Columbia residents Linda and Steve Alpern recently returned from a trip to Uganda that combined elements of a family reunion, a wildlife adventure, a foreign relations mission, spiritual outreach, and the performing arts. They talk about their experience at home in Columbia on Friday, September 6, 2013. (Doug Kapustin, Baltimore Sun / September 5, 2013)

This summer, Linda and Steve Alpern took the trip of a lifetime, a two-week journey to Africa where they saw mountain gorillas, elephants and hippos in the wild, the aptly named Impenetrable Forest in Bwindi National Park, and — best of all and for the first time — their 22-year-old African son, Joseph.

 "It was so emotional," said Linda, 62, last week in the couple's Columbia home, recalling their meeting with Joseph in Kampala. "It almost makes me start crying again, talking about it."

"He's a wonderful young man," said Steve, 66. "We spent a week travelling around the country with just Joseph and had a ball."

Joseph Ssegendo is not the Alperns' biological son or even their legally adopted son. But he addresses them "Mom" and "Dad," calls Linda's adult daughter form a previous marriage his American sister, and the Alperns photo-shop him into family photos.

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Joseph is one of the hundreds of orphans and other needy children supported by Children of Uganda, a U.S. nonprofit that pairs up children from that AIDS-ravished, impoverished nation with American sponsors. Those sponsors help pay for the child's upkeep and education, and also are expected to cultivate a close, caring relationship with the child.

Linda and Steve Alpern learned about the program seven years ago when many of the COU children were in the area performing with the "Tour of Light," a biannual fundraiser for the nonprofit. Sonni Aribiah, a fellow member of Columbia's Christ Episcopal Church, hosted the children in his home, and the Alperns met them there.

"We fell in love with them," recalled Steve, a retired federal worker, who has since become a member of the COU board. "They were great kids — fun to be with."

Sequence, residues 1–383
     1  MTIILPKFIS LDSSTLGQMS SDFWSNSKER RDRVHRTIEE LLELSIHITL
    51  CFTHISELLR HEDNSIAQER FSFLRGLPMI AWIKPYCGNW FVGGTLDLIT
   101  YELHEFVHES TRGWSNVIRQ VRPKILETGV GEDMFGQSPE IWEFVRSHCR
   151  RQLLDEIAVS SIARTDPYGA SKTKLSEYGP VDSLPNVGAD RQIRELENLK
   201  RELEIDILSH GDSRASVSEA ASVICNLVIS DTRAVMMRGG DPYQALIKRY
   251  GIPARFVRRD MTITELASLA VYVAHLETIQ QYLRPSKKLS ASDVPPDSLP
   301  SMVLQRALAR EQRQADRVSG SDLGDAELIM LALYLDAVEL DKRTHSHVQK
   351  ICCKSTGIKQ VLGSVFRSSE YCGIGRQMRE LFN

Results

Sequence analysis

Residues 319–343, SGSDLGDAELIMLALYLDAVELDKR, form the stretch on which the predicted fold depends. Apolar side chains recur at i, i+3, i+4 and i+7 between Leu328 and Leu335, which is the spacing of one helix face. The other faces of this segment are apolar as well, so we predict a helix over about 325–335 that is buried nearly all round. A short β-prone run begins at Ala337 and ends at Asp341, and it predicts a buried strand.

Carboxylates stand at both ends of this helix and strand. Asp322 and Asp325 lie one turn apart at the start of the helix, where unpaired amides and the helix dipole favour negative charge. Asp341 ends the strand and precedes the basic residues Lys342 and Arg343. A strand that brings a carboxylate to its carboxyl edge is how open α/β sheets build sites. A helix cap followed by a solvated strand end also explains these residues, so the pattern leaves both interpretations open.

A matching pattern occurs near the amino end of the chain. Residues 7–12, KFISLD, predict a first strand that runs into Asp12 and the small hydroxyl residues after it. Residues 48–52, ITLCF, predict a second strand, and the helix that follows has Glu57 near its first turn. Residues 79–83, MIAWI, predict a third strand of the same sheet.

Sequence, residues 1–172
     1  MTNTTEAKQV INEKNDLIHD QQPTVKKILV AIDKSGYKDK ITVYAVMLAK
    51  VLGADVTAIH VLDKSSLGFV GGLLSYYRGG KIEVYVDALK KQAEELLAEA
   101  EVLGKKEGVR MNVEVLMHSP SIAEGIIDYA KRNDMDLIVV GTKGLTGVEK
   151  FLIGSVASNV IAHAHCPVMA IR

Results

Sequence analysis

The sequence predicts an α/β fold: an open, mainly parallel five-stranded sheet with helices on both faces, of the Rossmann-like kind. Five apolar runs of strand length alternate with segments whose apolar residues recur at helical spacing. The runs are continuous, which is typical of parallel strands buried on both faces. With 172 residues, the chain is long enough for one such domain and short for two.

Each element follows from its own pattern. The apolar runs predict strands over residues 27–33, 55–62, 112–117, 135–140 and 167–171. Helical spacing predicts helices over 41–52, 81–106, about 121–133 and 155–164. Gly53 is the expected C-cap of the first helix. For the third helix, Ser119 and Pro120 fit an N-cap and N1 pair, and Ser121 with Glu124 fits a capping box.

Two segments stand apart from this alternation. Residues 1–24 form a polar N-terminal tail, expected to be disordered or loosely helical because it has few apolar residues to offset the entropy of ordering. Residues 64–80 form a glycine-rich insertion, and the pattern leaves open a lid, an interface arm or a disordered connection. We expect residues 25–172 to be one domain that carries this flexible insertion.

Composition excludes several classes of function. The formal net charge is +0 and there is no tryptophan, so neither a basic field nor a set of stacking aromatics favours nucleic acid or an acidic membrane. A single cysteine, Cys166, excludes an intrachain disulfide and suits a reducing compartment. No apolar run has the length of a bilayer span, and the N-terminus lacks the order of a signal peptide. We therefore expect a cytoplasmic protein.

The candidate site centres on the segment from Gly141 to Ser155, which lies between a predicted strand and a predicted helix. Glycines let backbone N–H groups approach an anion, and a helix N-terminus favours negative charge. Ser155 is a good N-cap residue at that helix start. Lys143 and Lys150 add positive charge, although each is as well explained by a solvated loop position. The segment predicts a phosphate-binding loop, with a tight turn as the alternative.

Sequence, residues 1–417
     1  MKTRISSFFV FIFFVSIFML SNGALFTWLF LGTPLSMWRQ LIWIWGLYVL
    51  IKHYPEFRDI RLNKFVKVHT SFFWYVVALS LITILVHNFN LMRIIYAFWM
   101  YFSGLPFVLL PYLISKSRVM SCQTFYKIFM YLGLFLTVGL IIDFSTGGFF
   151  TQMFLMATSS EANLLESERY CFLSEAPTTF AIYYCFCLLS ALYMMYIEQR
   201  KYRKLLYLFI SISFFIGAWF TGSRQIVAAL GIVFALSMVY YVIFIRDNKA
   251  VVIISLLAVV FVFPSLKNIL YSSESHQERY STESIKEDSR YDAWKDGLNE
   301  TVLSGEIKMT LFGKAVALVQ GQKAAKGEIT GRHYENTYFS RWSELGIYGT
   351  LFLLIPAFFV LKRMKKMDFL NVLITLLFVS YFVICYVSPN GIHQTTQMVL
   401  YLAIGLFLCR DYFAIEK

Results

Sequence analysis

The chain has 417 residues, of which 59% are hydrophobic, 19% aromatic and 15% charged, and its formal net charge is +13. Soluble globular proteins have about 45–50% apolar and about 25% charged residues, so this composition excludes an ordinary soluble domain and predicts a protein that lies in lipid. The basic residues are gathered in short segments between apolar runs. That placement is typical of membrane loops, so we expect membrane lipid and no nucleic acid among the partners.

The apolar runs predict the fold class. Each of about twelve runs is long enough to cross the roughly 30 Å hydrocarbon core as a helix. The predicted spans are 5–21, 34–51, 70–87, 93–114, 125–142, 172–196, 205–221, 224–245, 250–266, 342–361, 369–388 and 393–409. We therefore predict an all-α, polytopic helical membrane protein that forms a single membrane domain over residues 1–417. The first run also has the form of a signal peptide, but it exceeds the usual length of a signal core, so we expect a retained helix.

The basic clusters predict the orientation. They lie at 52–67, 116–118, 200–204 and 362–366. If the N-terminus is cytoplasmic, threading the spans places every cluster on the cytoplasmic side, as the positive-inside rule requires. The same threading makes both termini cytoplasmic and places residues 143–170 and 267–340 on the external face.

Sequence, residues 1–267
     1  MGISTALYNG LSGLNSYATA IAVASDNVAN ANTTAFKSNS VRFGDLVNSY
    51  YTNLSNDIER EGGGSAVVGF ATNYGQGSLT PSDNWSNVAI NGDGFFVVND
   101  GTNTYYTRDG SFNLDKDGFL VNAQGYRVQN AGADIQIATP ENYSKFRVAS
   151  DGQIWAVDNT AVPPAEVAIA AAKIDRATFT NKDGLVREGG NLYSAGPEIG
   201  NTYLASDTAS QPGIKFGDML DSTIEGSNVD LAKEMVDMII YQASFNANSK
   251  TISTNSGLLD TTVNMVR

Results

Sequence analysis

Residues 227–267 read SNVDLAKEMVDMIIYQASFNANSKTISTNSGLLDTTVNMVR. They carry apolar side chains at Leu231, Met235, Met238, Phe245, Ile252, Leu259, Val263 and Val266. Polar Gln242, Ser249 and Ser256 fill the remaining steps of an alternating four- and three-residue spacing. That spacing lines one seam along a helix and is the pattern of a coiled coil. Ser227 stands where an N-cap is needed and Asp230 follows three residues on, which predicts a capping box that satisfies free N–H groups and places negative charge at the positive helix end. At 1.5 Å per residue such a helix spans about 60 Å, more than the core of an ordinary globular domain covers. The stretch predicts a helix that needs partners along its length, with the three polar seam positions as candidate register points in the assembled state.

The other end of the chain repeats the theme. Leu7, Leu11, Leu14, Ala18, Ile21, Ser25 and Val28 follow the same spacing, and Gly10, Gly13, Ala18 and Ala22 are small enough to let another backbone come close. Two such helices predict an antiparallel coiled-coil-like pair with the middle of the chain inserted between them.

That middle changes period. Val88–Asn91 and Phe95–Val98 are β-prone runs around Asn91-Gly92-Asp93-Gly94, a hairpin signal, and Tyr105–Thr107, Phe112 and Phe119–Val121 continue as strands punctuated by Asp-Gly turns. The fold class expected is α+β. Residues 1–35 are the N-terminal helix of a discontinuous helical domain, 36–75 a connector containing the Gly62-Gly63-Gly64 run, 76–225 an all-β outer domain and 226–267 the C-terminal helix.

The Alperns especially bonded with one vivacious six-year-old girl. "We came back and decided we wanted to sponsor a child," said Linda, a retired systems engineer for the Department of Defense. "We thought we'd get a six-year-old girl, and instead we got Joseph."

Joseph, a young teenager at the time, was not an orphan. But his father had died of AIDS and his mother was institutionalized.

Over the past half-dozen years, Linda and Steve Alpern grew close to Joseph through letters, email, Skype and Facebook. They paid for his schooling, including a brief stint in culinary school and a more successful stint in a cosmetology school, from which he recently graduated. He now works in a salon in Kampala, Uganda's capital and largest city.

But while they felt close to Joseph, the Alperns had never met him in person until they and three other Christ Episcopal Church members flew to Uganda in late July to attend a meeting of the COU board, and to tour the country.

While there, they also met six-year-old Stella Dhuke, the Ugandan child the couple began sponsoring after Joseph graduated. They gave her a "Hello Kitty" T-shirt, which she put on immediately.

They also attended a community meeting, met with government officials and toured the school the children attend. "It was incredible," Linda said. "These kids are really a family to each other. They've created their own family."

Columbia-Uganda connection

Linda and Steve Alpern are only two of the members of Christ Episcopal Church who have established a strong connection between Columbia and Uganda.

That connection began with Sonni Aribiah. Born in Nigeria, Aribiah became acquainted with the orphans of Uganda about 10 years ago when his supervisor at the World Bank asked him to be part of a group planning COU's then-upcoming Tour of Light fundraiser. Aribiah agreed. After attending the show in Washington, he was so taken with the children that he later went to California later to spend a week with the group at its last U.S. stop.

"I knew nothing about the group at the time," he recalled recently. "But those kids were so full of life. I decided immediately to sponsor a girl."

It was in California that Aribiah met his future wife, Theresa, a former orphan and member of the tour, and that relationship cemented his dedication to the cause. Like Steve Alpern, Aribiah is now a member of the COU board.

Meanwhile, Aribiah brought his cause to the attention of the Alperns and other church members. The church now has designated Children of Uganda as its official international mission.

 Among other things, the church has helped establish a community library in one of the COU-run schools in Sabina, Uganda. The church has paid for a librarian, computers, Internet access and new shelves, and church members collected some 85 boxes of used books and shipped them to Uganda to stock those new shelves.